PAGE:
Saturday, October 28, 2017

Doris Fein: Murder Is No Joke, Dead Heat at Long Beach, and Legacy of Terror

In Doris Fein: Murder Is No Joke, Doris meets a young comedian, Steven Sachs, at a comedy club.  The two fall in love and have a whirlwind romance.  When a man is murdered, Steven is a prime suspect.  But Steven was on stage at the time, so he seemingly has a foolproof alibi.  Besides, Doris loves him, so he cannot be guilty.  Can Doris uncover the truth?

I did not enjoy this book very much.  I did not like Steven Sachs, and I never felt anything with the romance.  I hate reading about a romance that seems repulsive to me on every level.  I also felt that Doris behaves rather foolishly and not much like herself.

Additionally, I could not get into the story at all.

In Doris Fein: Dead Heat at Long Beach, Doris learns to race her expensive racing car.  While practicing, Doris meets racing enthusiast, Roderigo Alcala, who falls in love with her.  Doris cannot stand Alcala, but the spy agency IGO orders Doris to romance him in order to gain information about a group of revolutionaries.  As usual, Doris ends up in a lot of trouble.

I enjoyed this book.

In Doris Fein: Legacy of Terror, Doris travels to Chicago to meet the man who claims to be Harry Grubb's son.  Ashford Miller claims that his mother and Harry Grubb were his parents.  At stake is Harry's huge fortune.  Doris and Ashford become unlikely friends, and Doris becomes Ashford's ally against the organized crime of Chicago's underworld.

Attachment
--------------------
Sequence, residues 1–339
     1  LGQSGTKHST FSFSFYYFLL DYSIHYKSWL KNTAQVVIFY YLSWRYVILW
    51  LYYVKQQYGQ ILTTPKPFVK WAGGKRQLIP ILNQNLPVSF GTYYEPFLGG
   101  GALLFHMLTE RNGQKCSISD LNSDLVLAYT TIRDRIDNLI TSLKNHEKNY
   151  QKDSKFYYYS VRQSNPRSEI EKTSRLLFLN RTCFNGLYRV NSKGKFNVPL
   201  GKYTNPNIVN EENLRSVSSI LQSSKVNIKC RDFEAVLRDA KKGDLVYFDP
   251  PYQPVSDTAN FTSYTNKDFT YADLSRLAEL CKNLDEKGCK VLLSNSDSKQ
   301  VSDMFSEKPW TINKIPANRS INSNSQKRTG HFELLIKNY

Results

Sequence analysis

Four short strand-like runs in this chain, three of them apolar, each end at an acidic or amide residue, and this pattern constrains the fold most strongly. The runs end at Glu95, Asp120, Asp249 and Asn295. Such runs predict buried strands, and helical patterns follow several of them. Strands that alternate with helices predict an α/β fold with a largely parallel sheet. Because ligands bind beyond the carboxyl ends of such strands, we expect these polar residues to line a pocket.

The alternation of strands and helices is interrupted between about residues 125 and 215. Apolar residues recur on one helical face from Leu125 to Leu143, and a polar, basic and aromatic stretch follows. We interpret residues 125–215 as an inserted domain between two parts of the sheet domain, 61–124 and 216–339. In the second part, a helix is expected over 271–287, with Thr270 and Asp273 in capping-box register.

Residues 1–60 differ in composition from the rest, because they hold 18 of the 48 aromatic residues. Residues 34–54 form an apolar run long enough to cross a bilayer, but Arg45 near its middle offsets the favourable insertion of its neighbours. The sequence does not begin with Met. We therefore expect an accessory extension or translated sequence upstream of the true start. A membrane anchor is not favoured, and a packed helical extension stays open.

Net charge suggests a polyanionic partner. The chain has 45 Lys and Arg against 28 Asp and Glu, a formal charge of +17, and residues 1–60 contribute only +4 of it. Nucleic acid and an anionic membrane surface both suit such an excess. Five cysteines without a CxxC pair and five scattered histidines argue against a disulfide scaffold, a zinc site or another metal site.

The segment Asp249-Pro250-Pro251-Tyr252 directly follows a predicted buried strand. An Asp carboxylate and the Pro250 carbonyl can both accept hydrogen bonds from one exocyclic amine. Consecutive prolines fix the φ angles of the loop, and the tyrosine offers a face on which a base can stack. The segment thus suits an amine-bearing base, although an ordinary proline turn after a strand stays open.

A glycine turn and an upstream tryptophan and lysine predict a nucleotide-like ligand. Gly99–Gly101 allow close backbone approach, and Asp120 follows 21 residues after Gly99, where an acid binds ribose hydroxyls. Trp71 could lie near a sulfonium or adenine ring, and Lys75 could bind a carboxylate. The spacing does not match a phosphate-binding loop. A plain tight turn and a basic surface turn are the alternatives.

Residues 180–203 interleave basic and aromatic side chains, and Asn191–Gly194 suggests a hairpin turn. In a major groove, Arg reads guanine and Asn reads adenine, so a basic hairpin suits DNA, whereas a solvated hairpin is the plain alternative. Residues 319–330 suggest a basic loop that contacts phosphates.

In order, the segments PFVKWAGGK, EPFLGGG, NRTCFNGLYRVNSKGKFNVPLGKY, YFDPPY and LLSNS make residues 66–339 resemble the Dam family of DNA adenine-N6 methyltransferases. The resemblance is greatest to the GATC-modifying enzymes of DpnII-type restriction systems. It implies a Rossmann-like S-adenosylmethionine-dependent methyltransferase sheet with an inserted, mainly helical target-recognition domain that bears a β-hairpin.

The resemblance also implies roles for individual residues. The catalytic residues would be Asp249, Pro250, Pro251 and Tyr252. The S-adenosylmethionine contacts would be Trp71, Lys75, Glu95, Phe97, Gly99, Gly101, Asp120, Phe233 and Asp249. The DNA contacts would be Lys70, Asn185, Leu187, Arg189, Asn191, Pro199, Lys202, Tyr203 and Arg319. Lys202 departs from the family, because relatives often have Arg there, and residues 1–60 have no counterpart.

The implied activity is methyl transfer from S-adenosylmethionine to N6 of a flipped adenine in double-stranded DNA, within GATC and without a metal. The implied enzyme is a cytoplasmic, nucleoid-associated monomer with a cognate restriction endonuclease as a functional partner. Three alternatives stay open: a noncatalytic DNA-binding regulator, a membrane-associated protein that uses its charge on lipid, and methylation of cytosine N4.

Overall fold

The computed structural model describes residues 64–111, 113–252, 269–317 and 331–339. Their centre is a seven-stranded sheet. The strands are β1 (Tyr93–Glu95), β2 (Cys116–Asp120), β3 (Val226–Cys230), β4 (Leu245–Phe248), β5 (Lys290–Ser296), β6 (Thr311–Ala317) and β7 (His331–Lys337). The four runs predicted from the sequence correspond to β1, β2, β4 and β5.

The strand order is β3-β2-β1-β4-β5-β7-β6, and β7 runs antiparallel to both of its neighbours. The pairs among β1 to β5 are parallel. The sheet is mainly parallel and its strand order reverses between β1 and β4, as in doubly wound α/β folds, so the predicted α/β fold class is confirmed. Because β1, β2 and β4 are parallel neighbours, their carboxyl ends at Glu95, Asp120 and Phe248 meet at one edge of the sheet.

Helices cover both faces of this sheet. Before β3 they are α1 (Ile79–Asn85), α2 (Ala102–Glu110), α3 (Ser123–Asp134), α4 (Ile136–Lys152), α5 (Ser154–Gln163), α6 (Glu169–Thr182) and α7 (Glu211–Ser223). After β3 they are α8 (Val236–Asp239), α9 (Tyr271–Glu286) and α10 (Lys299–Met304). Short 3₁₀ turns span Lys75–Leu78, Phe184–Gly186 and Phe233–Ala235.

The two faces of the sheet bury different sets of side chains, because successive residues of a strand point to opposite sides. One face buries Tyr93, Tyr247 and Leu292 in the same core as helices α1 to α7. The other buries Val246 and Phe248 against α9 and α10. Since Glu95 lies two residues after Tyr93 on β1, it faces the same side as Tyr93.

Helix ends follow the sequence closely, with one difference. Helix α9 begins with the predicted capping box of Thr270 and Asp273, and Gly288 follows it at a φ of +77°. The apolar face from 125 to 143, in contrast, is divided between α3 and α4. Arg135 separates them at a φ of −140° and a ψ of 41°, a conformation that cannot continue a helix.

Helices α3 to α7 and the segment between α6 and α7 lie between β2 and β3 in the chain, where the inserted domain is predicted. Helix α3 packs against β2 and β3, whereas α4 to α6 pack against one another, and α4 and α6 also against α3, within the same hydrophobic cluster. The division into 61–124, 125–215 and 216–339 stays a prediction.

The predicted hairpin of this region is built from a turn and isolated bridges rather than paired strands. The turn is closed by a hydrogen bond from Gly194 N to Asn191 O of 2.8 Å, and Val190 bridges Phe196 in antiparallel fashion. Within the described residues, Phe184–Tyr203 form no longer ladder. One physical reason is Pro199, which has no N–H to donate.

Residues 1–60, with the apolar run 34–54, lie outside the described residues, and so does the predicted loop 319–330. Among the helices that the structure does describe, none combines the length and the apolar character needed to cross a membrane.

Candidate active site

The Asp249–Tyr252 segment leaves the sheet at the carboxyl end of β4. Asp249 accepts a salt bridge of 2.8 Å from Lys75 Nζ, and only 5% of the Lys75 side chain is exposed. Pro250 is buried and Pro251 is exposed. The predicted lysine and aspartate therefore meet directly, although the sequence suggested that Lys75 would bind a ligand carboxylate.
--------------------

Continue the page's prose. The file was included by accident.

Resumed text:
I enjoyed learning more about Harry's Grubb's past life.  Stories that explore the relationships between the important characters always have more meaning and are usually the better books in a series.

This is an excellent book.

I enjoyed reading the Doris Fein series.  The series is full of humor.

As I wrote in an earlier review, I wish that Carl Suzuki had been Doris' suitor throughout the entire series.  I enjoyed his character and wanted to see more of him.

1 comment:

Cross Stitching Mom said...

I was trying to guess the era from the cover look. I guessed late 70's and early 80's then went to check on the pub date--82 for the first title. Interesting reviews, as always!